...where distraction is the main attraction.

Friday, May 23, 2014

Littlemills for my little girl: Littlemill 20 year old 1984 Hart Brothers

So, apparently it's difficult to publish blog posts in an expeditious manner when one has a newborn.

"What? How could I ever be a distraction?"
This week I've been drinking Littlemill samples in honor of my new daughter, Mathilda.  Tuesday's Littlemill, bottled by Berry Brothers & Rudd, was decent, light on the oak and bigger on the malt.  Wednesday's Littlemill, bottled by the whiskybase folks under their Archives label, was very pretty; all light citrus, flowers, and butterscotch.  Today's Littlemill was bottled by Hart Brothers, an indie brand I've often seen but never tried.

This bottling is at 46% ABV, which is good, but I've never seen a Hart Bros. cask strength release even though in the U.S. their whiskies are often priced like they were full strength.  On their official site, they list 30 current(?) single malts, only one of which appears to be at high strength.  On a more positive note, none of those thirty whiskies is younger than 11 years.

My sample was obtained via a swap with Mr. Opinions (Thank you, sir!).  He found some curious notes in his review of his bottle, which he had picked up when it was on clearance at Binny's.  So let's see what I find...

Distillery: Littlemill
Independent Bottler: Hart Brothers
Age: 20 years (April 1984 - January 2005)
Maturation: ex-bourbon barrel
Region: Lowlands
Alcohol by Volume: 46.0%

The color is a pinot grigio. The nose starts out with rolled oats and matza in rubbing alcohol.  In fact, that takes front stage for almost 15 minutes.  Then lemon sugar cookies and store-bought nectarines (you know, the out of season ones that sit on trucks for a week or more and never ripen well? Specific!) appear.  Something creamy and vanilla-ish.  Then, after more time, sour milk and (um) urine.  Meanwhile, there's still a whole lotta wet maztos in there.  The palate starts out a little soapy.  Lemon flavoring, mild graininess, geraniums, the aforementioned stone fruits. It's tart and a little "fizzy" (a borrowed descriptor).  Lots of dish soap in the finish.  A mild maltiness meets notebook paper.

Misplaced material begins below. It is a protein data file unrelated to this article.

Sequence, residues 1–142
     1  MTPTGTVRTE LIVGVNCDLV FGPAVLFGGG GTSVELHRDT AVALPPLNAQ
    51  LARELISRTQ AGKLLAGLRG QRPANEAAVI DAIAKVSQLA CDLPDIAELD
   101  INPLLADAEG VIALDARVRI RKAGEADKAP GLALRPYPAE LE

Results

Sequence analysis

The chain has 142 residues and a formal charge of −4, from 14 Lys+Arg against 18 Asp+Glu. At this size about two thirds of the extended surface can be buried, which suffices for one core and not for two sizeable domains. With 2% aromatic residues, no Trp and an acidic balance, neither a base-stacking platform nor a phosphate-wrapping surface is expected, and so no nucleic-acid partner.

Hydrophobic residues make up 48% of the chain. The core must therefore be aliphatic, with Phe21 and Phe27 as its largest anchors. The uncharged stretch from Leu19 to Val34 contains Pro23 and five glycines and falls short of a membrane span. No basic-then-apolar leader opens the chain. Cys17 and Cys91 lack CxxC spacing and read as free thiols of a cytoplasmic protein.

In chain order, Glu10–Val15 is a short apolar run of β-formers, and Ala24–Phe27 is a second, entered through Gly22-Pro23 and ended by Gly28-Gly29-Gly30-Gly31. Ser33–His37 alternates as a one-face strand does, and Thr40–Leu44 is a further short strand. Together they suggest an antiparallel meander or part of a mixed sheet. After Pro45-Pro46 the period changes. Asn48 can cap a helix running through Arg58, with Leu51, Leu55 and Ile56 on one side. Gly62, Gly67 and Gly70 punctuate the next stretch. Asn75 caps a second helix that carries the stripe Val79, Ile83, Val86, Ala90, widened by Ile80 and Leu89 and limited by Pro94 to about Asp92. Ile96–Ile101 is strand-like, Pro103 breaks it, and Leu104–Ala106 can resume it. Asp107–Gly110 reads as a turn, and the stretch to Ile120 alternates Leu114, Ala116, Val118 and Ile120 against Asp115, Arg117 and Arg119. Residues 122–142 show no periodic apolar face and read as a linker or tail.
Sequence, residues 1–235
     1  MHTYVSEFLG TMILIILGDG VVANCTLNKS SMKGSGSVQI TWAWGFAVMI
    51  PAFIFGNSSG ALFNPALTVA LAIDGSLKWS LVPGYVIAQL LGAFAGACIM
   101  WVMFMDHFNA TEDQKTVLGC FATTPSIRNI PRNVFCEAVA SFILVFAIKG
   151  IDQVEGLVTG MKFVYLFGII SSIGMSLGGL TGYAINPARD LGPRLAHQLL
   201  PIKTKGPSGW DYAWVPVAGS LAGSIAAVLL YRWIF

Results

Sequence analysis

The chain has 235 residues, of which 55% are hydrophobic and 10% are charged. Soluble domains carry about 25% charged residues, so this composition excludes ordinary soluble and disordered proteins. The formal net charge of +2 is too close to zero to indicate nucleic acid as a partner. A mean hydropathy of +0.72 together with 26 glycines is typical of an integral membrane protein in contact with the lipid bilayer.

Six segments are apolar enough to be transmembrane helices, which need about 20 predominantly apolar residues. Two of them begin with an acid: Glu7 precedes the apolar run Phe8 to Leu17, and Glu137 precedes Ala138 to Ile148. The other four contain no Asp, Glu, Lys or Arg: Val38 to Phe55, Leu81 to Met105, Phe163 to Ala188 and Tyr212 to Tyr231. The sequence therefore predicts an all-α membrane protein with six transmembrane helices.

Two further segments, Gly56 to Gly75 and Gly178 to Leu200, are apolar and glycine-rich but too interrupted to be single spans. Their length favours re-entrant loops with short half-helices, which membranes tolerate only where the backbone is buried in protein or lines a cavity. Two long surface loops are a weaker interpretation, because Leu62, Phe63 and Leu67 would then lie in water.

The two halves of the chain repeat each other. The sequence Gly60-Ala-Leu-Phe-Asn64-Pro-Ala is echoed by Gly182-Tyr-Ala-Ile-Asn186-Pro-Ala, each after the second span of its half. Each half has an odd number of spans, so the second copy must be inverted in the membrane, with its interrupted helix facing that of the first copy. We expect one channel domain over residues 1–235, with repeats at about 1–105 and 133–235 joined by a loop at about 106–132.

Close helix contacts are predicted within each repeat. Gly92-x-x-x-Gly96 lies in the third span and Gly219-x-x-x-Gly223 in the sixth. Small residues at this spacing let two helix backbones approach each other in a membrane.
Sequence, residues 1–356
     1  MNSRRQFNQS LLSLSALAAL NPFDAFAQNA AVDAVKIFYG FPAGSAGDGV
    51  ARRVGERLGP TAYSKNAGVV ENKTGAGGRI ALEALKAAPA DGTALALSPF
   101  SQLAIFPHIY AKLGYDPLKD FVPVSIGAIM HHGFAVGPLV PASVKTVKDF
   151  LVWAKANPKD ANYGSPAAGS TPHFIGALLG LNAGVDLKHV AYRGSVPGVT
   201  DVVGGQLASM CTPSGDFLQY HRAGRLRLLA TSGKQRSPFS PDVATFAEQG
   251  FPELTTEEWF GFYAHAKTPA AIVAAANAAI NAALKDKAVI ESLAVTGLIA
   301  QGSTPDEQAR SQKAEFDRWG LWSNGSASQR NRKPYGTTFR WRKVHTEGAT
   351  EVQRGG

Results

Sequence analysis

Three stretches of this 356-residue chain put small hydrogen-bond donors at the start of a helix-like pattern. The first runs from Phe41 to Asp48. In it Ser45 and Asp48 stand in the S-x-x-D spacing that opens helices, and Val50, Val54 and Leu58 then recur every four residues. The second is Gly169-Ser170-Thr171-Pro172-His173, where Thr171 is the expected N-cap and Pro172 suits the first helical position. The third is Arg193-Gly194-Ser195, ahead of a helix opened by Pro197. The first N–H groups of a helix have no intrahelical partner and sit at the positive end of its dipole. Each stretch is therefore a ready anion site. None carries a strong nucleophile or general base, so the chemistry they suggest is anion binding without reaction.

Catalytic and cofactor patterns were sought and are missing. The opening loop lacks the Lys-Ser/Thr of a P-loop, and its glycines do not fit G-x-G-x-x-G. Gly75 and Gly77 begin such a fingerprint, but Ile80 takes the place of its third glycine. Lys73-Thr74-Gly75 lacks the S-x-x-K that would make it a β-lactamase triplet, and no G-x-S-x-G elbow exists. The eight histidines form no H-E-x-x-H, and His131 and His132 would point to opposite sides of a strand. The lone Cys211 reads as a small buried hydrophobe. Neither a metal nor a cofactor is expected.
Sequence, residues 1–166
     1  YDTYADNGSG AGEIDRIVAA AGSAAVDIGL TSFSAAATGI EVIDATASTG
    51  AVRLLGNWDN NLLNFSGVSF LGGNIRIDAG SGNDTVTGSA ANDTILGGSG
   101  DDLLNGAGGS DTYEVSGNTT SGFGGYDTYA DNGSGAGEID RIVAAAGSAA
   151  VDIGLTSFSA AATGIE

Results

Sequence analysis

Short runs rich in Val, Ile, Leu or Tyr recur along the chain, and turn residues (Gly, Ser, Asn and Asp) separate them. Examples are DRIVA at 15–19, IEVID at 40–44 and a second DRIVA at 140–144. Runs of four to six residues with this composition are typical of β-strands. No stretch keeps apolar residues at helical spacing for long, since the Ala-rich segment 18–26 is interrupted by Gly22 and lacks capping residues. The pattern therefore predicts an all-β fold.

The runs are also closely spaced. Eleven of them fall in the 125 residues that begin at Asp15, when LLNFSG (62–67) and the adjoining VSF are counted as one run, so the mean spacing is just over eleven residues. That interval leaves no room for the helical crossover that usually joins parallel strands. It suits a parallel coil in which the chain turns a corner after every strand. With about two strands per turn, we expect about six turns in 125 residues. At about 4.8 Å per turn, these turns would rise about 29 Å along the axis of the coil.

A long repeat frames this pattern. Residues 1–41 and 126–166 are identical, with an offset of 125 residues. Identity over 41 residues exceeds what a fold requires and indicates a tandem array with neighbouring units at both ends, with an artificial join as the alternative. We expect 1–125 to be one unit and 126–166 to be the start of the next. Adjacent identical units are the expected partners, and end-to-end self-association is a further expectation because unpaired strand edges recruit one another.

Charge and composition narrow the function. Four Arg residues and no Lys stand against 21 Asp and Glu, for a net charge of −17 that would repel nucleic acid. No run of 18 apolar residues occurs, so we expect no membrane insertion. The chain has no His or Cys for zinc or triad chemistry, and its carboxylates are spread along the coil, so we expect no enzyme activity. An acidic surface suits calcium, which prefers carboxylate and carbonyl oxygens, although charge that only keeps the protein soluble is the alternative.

Fewer unusual notes in the nose.  More citrus and tropical fruits.  In the palate, the citrus and malt get bigger.  The soap lessens and the fizziness remains.  The finish gets bitterer and the tartness ramps up as well.

An odd duck indeed.  Despite the fact that the notes may sound off-putting, the nose is actually a lot of fun.  Lemon cookies, matza, rubbing alcohol, and pee?  Good times.  The soap on the palate isn't too tough and not a deal breaker, but the finish is tragic.  When is joy not joy?  When it is Lemon Joy.  Water evens out the nose but doesn't help the whole package that much.

As MAO mentioned at the end of his review, there's something reminiscent of the "FWP" Bowmore period in this whisky.  All it's missing is the peat, then swap out the geraniums for lavender and violets.  Like some of the indie "FWP" Bowmores I've had, it seems as if the cask was picked for its nose and no one actually tasted the thing.  Okay, maybe that's a bit harsh.  Perhaps the soap notes grew in the bottle; they certainly expand with air.  This isn't a total throwaway whisky, it noses well, but if you're soap sensitive, beware.

Availability - Released in the US, likely sold out
Pricing - originally $110-$130
Rating - 76

NEXT WEEK, the celebration continues with another "L" distillery, one with a character noticeably different than Littlemill's.  Hint: It's not Lost Spirits.